In this course we will read Rabelais’s Pantagruel, Gargantua, Tiers Livre, and Quart Livre, followed by a significant number of essays from Montaigne’s Essais. These two authors, considered the “bookends” of the Renaissance, serve to illustrate the radical differences to be found in the literature of the sixteenth century, from Rabelais’s often optimistic evangelical humanism to Montaigne’s growing skepticism. The notion of the “Renaissance” is rather problematic, as will become clear in this course. Rabelais’s heterogeneous work contains many elements more readily associated with the Middle Ages, while Montaigne’s self-explorations often fit more comfortably in the fractured context of modernité

Required texts: 
François Rabelais (Guy Demerson edition, Points) 
Pantagruel  Gargantua 
Tiers Livre 
Quart Livre 
Michel de Montaigne (Emmanuel Naya edition, Folio) 
Livres I, II et III 
Required work will include an in-class presentation and a substantial research paper. 

HA 510: Medieval Manuscripts and Early Printed Books.  Professor Hedeman 11:00 – 12:15 PM Monday and Wednesday

Students in HA 510 will study the history of the book from 300 to 1500 A.D., concentrating on the role of visual imagery in books and the place of books in medieval and renaissance culture. In addition to discussing the relation between text and image, and studying the stylistic contexts for ancient, medieval, and Renaissance illumination and early woodcut illustration, participants in this course will consider such additional topics as methods of book production, the development of cycles of illustration for religious and secular books, and the relationship between manuscripts and early printed books. Lectures and discussion will be supplemented by visits to the fine collection of manuscripts, printed books, and facsimiles in the Kenneth Spencer Research Library. Prerequisite: An introductory course in Western art history at the college level or consent of the instructor.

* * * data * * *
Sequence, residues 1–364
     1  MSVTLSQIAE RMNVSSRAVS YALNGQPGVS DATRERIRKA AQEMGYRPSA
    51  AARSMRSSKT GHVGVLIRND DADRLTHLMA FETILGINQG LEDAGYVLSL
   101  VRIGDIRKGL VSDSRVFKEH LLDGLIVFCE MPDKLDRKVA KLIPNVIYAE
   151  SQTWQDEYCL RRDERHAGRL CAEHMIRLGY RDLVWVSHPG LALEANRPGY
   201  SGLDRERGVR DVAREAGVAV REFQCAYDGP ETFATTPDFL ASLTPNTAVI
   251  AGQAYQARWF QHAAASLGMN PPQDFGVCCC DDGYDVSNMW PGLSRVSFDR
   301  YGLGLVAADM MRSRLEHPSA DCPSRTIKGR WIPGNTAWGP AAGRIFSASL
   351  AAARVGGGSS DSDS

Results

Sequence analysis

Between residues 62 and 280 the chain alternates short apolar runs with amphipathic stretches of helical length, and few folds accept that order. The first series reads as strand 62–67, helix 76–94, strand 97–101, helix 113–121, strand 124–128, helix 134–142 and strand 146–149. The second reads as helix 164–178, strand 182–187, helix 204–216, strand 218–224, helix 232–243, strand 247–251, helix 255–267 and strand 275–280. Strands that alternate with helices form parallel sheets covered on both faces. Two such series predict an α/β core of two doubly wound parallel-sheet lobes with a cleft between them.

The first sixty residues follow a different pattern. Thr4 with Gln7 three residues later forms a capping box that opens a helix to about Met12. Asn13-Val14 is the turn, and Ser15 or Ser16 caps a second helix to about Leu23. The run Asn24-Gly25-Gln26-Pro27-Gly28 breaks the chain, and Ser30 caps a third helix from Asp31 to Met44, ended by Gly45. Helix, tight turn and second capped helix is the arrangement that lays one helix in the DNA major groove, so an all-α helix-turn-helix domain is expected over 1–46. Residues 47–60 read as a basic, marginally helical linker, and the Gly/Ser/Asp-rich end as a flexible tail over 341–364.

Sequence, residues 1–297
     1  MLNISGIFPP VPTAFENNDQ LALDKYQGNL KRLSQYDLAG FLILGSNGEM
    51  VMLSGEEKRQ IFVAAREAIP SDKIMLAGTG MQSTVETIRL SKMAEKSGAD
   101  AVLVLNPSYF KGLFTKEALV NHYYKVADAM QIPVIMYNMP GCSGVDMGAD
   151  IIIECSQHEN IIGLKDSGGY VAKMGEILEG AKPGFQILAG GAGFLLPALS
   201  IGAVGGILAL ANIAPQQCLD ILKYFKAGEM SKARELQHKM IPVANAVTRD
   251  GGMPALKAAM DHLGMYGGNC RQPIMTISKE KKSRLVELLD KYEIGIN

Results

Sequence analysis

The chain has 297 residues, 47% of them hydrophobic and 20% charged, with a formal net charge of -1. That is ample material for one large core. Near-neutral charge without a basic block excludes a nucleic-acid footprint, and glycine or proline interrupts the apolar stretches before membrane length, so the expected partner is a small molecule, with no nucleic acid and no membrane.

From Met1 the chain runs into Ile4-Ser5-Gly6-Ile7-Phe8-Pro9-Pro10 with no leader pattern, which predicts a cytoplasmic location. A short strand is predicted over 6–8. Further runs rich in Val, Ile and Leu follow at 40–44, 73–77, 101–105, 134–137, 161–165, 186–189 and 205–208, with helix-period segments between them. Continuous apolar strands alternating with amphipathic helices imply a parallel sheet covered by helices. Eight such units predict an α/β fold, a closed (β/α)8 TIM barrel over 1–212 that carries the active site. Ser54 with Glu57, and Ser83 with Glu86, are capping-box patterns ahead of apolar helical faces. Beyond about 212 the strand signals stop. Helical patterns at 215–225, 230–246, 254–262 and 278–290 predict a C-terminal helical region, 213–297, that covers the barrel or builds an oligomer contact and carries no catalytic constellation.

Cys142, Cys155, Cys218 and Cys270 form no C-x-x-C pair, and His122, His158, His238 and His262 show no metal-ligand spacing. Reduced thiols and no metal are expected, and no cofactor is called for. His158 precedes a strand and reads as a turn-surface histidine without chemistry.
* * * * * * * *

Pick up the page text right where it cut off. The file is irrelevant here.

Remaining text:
HA 527: Late Medieval Art in Italy.  Professor Areli Marina, Mondays and Wednesdays 9:30-10:45

This course examines the history of paintings, sculptures and buildings produced in Italy from c. 1250 to 1400. Important individual works, artists, and decorative complexes, such as Giotto's Scrovegni (Arena) Chapel, are analyzed in terms of their stylistic, geographical, social, historical, devotional, and literary contexts. Current theories and controversies pertinent to the history and study of 13th- and 14th-century Italian art are also addressed. Prerequisite: HA 100, HA 150, or the equivalent, or consent of instructor. 

HA 706: Rupture, Renascence, Renovatio, Renaissance in Medieval Architecture.   Professor Areli Marina, Mondays 2:30-5:00